This is an excerpt from The Purpose Economy by Aaron Hurst.
Even with the same moral foundations defining success, we approach the process of getting there differently. How we work is also tied to our view of the world and how we both solve problems and engage in the creative process. We can perhaps gain the most purpose in our work in how we approach it. Insight into how we approach work emerged while doing research on promising solutions to strengthen K-12 education in the United States. As I dug in, I found incredibly diverse assessments and solutions.
The more I listened, what emerged was that people had fundamentally diverse thinking styles. This profoundly influenced how they engaged in addressing the opportunity to improve education.
Here are the four approaches that I identified:
If you look at the best schools in the country, you find one thing they all have in common: incredible parent participation and leadership. The parents are well-informed and invested in the school’s success, and they hold the school accountable for results. The parents also find ways to generate resources and advocate for the school within the community. To improve education in this country, we must learn why some schools have this kind of parent involvement and build that capacity. You can never know what challenges a school will face in the future, but with strong parent and community involvement, schools can face any challenge.
Have you been in a typical public school classroom lately, especially in a big city? How do we expect a child to be inspired and learn in that kind of environment? The school is more like a prison than a place to promote feelings of well-being that help students learn and focus. We need to build pupil-based schools that provide fresh air and light. They need enough space for students to work without banging into each other, and classrooms need to be arranged to create natural social settings that encourage communication. If we want kids focused, they also need healthy food. And why are we asking teenagers to come to school at the break of dawn, when all the research says this isn’t natural and makes learning nearly impossible?
We don’t provide the right training, support, or tools to teachers and principals. We need to design effective leadership practices, policies, and procedures for school systems. We need to redesign curriculum and pedagogy (i.e. educational approach) that works with the needs of today’s kids, and help teachers adopt the new design so they can be set up for success. With this kind of support, our principals and teachers can achieve anything.
Improving education requires that we look at the data and research and build upon it. We don’t know what successful education even means today; we are blindly continuing to use old models that simply don’t work anymore. We don’t know enough about education and what success looks like for today’s schools. We continue to take the test and fail, because we ourselves aren’t doing our homework.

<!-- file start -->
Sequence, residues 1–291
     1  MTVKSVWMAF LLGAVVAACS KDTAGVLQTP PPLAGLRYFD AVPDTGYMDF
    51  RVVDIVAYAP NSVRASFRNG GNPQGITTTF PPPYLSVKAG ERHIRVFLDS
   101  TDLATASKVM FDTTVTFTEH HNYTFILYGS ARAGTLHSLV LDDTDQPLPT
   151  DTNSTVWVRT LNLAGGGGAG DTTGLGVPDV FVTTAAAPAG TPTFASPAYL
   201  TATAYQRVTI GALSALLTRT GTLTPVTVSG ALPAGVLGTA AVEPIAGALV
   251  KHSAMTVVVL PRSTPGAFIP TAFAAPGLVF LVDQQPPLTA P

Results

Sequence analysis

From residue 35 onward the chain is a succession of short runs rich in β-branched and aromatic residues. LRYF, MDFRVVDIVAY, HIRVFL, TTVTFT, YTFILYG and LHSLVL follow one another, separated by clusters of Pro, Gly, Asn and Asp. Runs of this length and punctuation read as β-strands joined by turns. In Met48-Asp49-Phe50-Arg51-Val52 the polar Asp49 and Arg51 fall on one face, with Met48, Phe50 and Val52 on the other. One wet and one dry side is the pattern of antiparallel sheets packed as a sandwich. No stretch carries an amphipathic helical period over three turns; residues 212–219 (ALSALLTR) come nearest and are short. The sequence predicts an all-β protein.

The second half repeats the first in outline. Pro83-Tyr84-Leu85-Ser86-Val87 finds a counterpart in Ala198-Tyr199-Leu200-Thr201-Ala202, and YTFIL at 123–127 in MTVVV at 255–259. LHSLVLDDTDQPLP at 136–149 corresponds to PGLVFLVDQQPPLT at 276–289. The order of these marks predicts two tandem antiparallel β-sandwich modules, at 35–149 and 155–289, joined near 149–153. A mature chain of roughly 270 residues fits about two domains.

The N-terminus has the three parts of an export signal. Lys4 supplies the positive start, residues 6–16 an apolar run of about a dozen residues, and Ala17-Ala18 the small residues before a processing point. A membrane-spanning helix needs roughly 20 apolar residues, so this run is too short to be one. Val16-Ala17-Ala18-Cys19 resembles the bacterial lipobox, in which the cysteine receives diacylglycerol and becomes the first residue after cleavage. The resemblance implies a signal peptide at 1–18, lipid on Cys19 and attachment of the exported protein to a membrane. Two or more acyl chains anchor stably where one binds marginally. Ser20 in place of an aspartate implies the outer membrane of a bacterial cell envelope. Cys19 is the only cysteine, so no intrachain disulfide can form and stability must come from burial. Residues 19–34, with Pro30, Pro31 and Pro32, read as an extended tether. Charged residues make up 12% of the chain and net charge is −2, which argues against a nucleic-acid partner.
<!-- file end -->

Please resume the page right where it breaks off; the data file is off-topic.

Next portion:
In my experience, all of these mindsets are true, and yet not one of them would provide the level of change we need to see in our educational system. The point here isn’t about being right, but rather understanding each perspective about how the world works. There is a tremendous need for all these approaches. It’s my experience that people will find that their sense of purpose and engagement directly ties to their ability to work in alignment with their perspective about the best ways to further change.
These perspectives are not confined to education or even nonprofits. We see them in how people approach challenges and opportunities in just about any setting. Some people are always looking for ways to bring other people into an issue to help build ownership, community, and awareness. Some people see every situation as an opportunity to redesign it in order to better serve needs. Some people are laser focused on learning and understanding everything about an issue before they move forward. Others look for potential efficiency gains in every line they wait in, and know there is a better way to design processes to bring out the best in people and keep their time focused on the things that matter.
K-12 Education is a complex topic, and others found these selections from the Impact Giving archive from Giving Compass to be good resources.
Looking for a way to get involved?
Learning with others and benchmarking are key steps towards becoming an impact giver. If you are interested in giving with impact for K-12 Education, take a look at these events, galas, conferences and volunteering opportunities to connect with individuals like you.
Are you ready to give?
If you are looking for opportunities to take action and give money to K-12 Education, here are some Giving Funds, Charitable Organizations and Projects aggregated by Giving Compass where you can take immediate action.